Doncaster Rovers 'must catch up with their fitness in matches'

Gary McSheffrey insists there is not much more that can be done outside games to improve the fitness levels of his Doncaster Rovers squad during this demanding period.
Gary McSheffreyGary McSheffrey
Gary McSheffrey

Rovers are deep into a run of midweek matches as they prepare to travel to Portsmouth at the weekend and the strain on bodies told against an energetic Ipswich Town side on Tuesday night.

The difference in fitness levels between the sides was clear, with Rovers showing tired legs following their high intensity performance in the impressive win over Sunderland at the weekend.

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McSheffrey has worked to improve the fitness of his players since taking charge of the side in December but says match fitness will only come by playing matches.

“If they get through these games without picking up injuries, it’s more fuel in the tank for them,” he told the Free Press.

“It’s good for them.

“To get up to speed you sometimes have to suffer as you go through the levels.

“It was clear how different the intensity levels and the fitness levels were on Tuesday night, and Ipswich kept the ball really well in the first half so it tired us out a little bit.

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“The relentlessness with how their full backs got up and down the pitch, there was a definite gulf in fitness levels.”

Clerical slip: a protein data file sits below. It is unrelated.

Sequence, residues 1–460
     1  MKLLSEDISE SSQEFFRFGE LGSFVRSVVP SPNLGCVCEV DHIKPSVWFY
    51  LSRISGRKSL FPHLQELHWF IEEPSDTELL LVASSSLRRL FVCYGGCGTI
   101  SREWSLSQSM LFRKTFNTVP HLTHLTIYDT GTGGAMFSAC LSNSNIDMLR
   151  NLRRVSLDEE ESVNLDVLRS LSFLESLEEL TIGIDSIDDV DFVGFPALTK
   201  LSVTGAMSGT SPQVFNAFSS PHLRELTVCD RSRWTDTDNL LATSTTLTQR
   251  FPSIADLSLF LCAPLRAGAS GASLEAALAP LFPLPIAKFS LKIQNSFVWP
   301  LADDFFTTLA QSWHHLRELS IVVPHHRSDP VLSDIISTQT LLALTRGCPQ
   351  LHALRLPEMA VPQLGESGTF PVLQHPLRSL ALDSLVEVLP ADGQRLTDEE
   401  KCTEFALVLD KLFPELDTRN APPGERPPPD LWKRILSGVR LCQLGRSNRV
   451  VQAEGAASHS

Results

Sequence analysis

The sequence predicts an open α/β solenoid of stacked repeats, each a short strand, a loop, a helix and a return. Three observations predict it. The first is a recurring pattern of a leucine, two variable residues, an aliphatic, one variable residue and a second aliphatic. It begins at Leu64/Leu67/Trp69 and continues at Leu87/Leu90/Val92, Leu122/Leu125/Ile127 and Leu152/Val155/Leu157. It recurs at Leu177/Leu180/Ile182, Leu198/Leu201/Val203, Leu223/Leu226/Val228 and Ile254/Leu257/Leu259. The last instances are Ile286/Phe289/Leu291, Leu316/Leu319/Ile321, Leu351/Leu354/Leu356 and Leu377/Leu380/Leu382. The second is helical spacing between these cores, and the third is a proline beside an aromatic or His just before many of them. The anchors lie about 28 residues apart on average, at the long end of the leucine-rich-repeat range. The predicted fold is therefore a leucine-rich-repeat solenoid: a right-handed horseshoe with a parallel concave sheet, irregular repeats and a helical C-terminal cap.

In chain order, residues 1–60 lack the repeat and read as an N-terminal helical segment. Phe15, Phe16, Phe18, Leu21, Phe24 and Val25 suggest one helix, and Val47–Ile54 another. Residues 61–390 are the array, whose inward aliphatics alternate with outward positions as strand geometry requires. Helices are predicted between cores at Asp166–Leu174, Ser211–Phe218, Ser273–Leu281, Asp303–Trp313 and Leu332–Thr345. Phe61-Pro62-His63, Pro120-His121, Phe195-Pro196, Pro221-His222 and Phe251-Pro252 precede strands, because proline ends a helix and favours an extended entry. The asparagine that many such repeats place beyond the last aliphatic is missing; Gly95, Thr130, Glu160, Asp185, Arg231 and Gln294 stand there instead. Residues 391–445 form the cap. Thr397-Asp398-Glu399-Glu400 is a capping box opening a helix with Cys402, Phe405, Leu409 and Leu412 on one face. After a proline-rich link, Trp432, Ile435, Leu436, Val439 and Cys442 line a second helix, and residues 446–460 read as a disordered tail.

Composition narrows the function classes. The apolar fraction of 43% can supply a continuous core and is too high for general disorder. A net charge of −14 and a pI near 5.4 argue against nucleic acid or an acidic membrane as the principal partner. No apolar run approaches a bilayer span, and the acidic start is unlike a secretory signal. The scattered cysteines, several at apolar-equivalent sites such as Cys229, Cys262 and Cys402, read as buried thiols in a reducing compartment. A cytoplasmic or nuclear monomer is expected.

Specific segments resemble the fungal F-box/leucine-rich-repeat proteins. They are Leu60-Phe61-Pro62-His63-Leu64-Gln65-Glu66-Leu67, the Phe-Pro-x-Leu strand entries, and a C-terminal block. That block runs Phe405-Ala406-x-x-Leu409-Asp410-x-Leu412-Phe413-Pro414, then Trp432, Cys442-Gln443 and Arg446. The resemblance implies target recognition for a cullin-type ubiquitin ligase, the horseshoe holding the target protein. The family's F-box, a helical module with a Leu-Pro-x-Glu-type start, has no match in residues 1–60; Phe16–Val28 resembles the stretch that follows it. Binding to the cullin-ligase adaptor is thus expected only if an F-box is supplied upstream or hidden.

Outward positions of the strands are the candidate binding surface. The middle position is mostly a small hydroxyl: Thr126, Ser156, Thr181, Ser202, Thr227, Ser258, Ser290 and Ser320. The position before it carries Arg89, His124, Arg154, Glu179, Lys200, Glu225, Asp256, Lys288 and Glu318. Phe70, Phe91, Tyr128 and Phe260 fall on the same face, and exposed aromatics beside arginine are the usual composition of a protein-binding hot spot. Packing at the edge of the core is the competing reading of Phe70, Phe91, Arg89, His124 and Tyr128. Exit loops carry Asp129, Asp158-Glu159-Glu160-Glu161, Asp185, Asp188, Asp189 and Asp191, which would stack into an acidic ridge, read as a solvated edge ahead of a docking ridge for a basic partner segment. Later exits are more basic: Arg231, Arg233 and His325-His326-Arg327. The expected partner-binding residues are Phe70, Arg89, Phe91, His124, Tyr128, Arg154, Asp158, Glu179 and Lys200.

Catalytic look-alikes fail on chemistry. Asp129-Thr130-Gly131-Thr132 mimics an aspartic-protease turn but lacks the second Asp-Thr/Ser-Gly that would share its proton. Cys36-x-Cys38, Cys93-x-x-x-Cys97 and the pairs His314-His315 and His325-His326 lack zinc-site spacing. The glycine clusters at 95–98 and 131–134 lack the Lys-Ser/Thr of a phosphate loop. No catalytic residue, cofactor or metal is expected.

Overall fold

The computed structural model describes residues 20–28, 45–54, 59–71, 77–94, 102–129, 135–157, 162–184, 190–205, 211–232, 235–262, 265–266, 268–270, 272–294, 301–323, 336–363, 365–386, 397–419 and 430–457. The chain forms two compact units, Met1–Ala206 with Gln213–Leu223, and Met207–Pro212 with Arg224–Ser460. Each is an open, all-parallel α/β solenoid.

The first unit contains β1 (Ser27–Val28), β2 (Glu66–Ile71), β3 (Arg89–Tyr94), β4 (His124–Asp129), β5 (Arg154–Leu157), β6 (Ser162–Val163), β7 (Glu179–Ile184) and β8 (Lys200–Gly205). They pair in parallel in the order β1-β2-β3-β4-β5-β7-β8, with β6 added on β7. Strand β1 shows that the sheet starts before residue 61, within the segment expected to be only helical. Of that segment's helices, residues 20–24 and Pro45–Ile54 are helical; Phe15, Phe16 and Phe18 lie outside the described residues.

McSheffrey started with the same side against Ipswich that began the game at Sunderland and says changes may be required in order to inject fresh energy into his team.

“We know we’ve got a couple of strikers on the bench that are champing at the bit,” he said.

“We dust them down, see how they’re shaping up on Thursday and we put a team out that is capable of competing.

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“We’ve got the numbers. It’s just important they get their rest in them, good nutrition and get themselves ready to go again.

“That’s football at this level. You’ve got to be robust enough and fit enough to deal with how many games you have to play in certain months.

“They can’t feel sorry for themselves. And if they feel it’s too harsh, then they’re in the wrong job.

“They need to to get up to speed.”


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